We live in an age in which the best - or at least those who believe they are the “best - lack courage. This is why we can’t deal effectively with any public policy issue, whether it be illegal immigration, Mohammedanism, spending, taxing, or anything at all related to sexuality.

Through generations of control of education and the media the left has managed to produce elites and a general populace without genuine conviction. Consequently, we continue to slowly slide toward our own destruction, fully aware that it is approaching, but too cowardly to say and do the things necessary to avert it.


39 posted on 10/30/2011 8:26:41 AM PDT by achilles2000 ("I'll agree to save the whales as long as we can deport the liberals")
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To: SeekAndFind

“There is no such thing as moderate Islam. There is only Islam” The former president of Eqypt.


40 posted on 10/30/2011 8:32:34 AM PDT by Georgia Girl 2 (The only purpose of a pistol is to fight your way back to the rifle you should never have dropped.)
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To: Vanders9
Does that mean that really we are all far too lazy? Do we find actual thinking so hard that we are prepared to just abdicate it and leave it all to someone else? If that is so, what hope for our liberal (classic sense) democratic processes? If the people cannot think through these things, or will not, or are too idle to, then what hope for "government of the people"?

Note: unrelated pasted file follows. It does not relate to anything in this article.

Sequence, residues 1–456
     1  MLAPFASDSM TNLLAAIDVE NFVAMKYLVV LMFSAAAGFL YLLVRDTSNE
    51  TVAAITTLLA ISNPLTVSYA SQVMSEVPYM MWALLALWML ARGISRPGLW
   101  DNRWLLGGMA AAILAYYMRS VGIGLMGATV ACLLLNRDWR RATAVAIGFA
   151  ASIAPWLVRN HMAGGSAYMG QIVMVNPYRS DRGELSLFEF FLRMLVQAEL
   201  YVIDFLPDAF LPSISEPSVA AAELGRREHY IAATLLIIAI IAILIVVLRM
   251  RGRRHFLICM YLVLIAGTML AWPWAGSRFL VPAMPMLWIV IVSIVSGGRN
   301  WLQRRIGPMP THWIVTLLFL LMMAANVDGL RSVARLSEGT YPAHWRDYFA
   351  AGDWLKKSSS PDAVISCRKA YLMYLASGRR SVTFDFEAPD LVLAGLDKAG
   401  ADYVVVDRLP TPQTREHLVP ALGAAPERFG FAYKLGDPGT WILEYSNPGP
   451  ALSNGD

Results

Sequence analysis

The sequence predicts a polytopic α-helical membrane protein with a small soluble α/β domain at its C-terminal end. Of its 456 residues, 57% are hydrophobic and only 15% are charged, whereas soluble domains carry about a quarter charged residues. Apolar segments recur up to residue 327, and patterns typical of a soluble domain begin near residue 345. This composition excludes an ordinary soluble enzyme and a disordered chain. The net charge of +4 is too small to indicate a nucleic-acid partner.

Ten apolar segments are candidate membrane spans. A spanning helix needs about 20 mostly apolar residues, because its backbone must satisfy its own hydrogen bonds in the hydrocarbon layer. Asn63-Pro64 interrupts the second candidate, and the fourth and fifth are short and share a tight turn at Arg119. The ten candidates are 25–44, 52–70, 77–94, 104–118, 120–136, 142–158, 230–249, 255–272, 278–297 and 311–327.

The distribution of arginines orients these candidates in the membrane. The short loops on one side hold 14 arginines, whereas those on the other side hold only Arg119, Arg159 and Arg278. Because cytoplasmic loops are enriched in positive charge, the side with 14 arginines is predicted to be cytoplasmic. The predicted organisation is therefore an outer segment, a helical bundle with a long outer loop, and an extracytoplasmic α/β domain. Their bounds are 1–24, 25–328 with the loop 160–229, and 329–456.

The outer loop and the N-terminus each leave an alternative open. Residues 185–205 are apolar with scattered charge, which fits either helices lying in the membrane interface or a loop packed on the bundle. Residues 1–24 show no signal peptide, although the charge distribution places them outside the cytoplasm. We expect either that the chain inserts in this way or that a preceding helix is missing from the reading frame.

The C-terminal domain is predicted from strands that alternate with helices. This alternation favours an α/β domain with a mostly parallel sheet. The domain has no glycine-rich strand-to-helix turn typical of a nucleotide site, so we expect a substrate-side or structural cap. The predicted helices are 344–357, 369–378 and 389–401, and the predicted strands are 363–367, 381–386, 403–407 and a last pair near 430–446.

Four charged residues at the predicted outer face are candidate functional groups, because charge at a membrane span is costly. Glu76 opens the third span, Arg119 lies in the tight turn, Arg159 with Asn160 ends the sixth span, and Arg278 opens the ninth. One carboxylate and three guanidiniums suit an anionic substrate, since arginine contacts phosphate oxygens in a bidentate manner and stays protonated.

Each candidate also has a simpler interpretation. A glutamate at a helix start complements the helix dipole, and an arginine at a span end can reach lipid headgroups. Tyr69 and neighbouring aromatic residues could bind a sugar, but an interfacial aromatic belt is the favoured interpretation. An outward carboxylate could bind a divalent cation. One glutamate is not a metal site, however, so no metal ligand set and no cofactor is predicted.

By and large, yes, I think that's exactly what it means. You must remember that the average person is an IQ 100 couch potato, content to sit and watch TV while shoving donuts into his face. That is average humanity, and has been from the dawn of time. That's why most civilizations throughout history have consisted of a few ruthless people ruling, their mandates being carried out by a cadre of ambitious people, and the remainder of humanity lives under that rule, content enough as long as there are bread and circuses.

That has always been the norm.

The men who wrote our Constitution were rare and unusual types. There have always been philosophical individuals, and there have always been comfortably wealthy individuals, and there have always been well-educated individuals, but through some rare and random accident of fate, a handful of men who were all three were at the same place and time. Seeing that opportunity, they made a template. That template could only be followed by people carefully selected and trained to follow it. We had that, here in the US, for a few decades.

But by the early 1900s, it was already in decline. We reached a tipping point quickly of types who want the ruthless and ambitious telling them what to do, providing the bread and the circuses, and I do believe America will soon be reclaimed by the jungle. I consider myself lucky to have seen the tail end of it, but humanity is what humanity is, and it doesn't change. It can learn, but it can't change its basic nature. And its basic nature is as primitive as any gorilla. We just have imagination, and more sophisticated means of transferring information, that's all.

41 posted on 10/30/2011 8:53:30 AM PDT by A_perfect_lady (Islam is as Islam does.)
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To: A_perfect_lady